Victoire Ingabire on the Rwanda-led genocide against Hutus in Congo: “Victims cry for justice”
by Victoire Ingabire Umuhoza.
DRC MAPPING REPORT: THE VICTIMS CRY FOR JUSTICE.
At long last, the United Nations High Commission for Human Rights has released its final report into horrendous crimes that were committed among others by Rwandan Patriotic Army (RPA), against Hutu refugees in DRC from 1996 to 2003. Although justice delayed is justice denied, we salute the bravery of the UNHCHR, for refusing to bow down to intense pressure from the government of President Kagame and its lobbies, in order to water down the tone of the report.
By publishing the report, the United Nations High Commission for Human Rights has honoured the mandate bestowed on it by the General Assembly as an independent UN body to cater for the promotion and protection of human rights, and for implementing the human rights programme within the UN. The legal qualification is clear and the facts are so chilling that something has to be done.
It is quite shocking to see negative forces struggling to belittle the crimes that engulfed, according to NGOs, millions of DRC citizens and more than 300,000 Hutu refugees, by battling over the word “genocide”.
Whatever the legal framing, the crimes listed are so chilling that their authors ought to be prosecuted.
- The July 1995 Srebrenica killings landed Milosevic, Karadzic and other Serbs leaders into jail. Yet, the victims were, according to UN records, between 6,000 and 8,000.
- The UPC leader, Thomas Lubanga was arrested, and charged in ICC with minor crimes of enlisting and using child soldiers. This was done under the pressure of some of the very powers which are today reluctant to prosecute Rwandan leaders.
- The killing of Rafik Hariri in Lebanon prompted the United Nations to set up a special tribunal.
Why should the Rwandan Patriotic Army misdeeds not be exposed and prosecuted?
As the report eloquently shows, the killings were systematic, selective, methodical and carried out over a long period of time that they cannot be termed as collateral damage. Nothing can justify the massacres of children, women and elderly people and reducing to ashes their bodies. Alleging that there were elements from former Rwandan government forces among refugees does not at all give to RPA a license for wanton and massive killings.
The Rwandan government reaction filed in Geneva on the eve of the release of this report is sadistic and misleading:
– The Rwandan government does not as such deny the mass and large-scale killings. Instead, it considers them as “self-defence against the perpetrators of the 1994 genocide” (item 14). Some of the killings took place as far as Mbandaka, over 3,000 km in the West. It is hard to believe that those victims were posing a security threat to Rwanda.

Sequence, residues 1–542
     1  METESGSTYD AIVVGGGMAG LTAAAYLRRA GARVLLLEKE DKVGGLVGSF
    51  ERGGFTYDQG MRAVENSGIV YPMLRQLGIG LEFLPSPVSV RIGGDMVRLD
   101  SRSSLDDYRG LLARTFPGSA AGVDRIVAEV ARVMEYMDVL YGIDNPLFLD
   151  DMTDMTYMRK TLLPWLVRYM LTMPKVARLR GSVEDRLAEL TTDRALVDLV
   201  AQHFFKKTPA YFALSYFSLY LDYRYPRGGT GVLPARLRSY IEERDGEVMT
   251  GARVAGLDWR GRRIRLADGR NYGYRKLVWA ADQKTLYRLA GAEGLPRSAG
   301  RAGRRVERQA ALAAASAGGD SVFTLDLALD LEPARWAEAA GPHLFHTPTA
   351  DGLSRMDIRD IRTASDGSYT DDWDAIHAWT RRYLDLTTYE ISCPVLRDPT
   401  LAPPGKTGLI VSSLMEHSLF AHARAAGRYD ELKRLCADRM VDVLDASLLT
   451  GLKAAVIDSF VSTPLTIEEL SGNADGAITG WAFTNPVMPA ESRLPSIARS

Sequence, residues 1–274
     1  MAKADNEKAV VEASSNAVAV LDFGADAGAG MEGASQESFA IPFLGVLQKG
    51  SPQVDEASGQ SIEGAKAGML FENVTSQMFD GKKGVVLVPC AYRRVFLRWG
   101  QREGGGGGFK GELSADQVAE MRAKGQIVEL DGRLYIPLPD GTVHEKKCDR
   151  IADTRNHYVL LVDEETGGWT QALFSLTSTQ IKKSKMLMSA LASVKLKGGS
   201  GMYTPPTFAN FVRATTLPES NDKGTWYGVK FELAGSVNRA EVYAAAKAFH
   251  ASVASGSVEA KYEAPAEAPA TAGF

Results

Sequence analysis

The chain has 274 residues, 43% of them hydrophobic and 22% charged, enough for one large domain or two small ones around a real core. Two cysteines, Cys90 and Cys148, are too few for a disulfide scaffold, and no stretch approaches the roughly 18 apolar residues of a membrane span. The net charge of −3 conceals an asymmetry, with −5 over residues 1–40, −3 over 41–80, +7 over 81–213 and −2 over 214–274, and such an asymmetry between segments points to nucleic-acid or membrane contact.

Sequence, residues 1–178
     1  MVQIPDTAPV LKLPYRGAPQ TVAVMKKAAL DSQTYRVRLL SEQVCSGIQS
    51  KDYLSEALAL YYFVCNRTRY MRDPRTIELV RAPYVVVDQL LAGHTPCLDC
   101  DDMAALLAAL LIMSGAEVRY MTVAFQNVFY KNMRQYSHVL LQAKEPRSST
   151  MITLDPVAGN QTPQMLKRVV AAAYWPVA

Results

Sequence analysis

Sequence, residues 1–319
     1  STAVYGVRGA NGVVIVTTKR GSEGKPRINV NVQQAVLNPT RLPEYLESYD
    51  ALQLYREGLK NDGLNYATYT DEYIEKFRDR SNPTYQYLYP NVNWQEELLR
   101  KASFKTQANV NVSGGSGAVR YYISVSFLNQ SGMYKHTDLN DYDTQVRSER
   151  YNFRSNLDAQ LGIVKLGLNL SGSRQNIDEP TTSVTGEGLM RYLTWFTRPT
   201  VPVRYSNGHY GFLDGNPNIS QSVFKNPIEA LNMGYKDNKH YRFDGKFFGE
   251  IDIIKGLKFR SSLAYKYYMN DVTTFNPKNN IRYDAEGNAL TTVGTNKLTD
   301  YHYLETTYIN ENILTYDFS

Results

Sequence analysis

– The Rwandan government also links the invasion to “cross—border attacks”. The attacks on refugees started the very day RPA troops entered Gisenyi town on 18th July 1994. Indeed, mortar shells landed in the middle of crowds of refugees that were gathered in the vicinity of Goma airport. The airport had to be closed. So was the incursion of RPA in Birava in South Kivu in 1995.The assumption of self-defence betrays rather a well planned and premeditated crime.
– The claim by the Rwandan current regime of invading the DRC for “rescuing its own citizen and facilitating their return and reintegration (item 14) is another scapegoat illustration. There are reliable reports on killings targeting some returnees in different areas of the country. This is the case with the late catholic bishop Phocas Nikwigize of Ruhengeri who went missing at the crossing border of Gisenyi. Furthermore, the only military assault on refugees’ camps is a serious crime.
Leaving unprosecuted the masterminders and perpetrators of these crimes, even for the selfish sake of not disturbing the UN peacekeeping forces in Darfur (Sudan), or for the sake of a false analysis of regional stability will give licence to militarism and violence as means of achieving political goals.
The embers of hate and mistrust will not be put out as long as there will be a double standard justice in Rwanda.
When the Security Council set up the two ad hoc international criminal tribunals for Rwanda and the former Yugoslavia, it considered truth-seeking and criminal punishment essential prerequisites for reconciliation and for maintaining or restoring peace (item 1010 of the UNHCHR report). The FDU-INKINGI fully agrees with this stance and expects the United Nations to bear this in mind. There will be no peace and sustainable development in the African Great Lakes Region in general and in Rwanda in particular, until there is fair justice and a fair road map to uproot the impunity. All the victims cry for justice and rehabilitation.
The FDU-INKINGI urges the UN Security Council in particular, to fulfill its international obligations to punish genocide and crimes against humanity including the establishment of an appropriate international tribunal to punish the culprits within the current Rwandan regime and rehabilitate the victims of these absolute crimes. A regime accused of such atrocities has no longer any moral legitimacy to run a country, leave alone the fact that it has totally closed down the political space to opponents and through unfair elections that were marred by political killings of opposition leaders and independent journalists.
Therefore, we call upon the UN to act on the report as a matter of urgency and ensure that a judicial mechanism is put in place. Otherwise, the UN will be betraying its mandate.
Kigali 01 October 2010.
Victoire INGABIRE UMUHOZA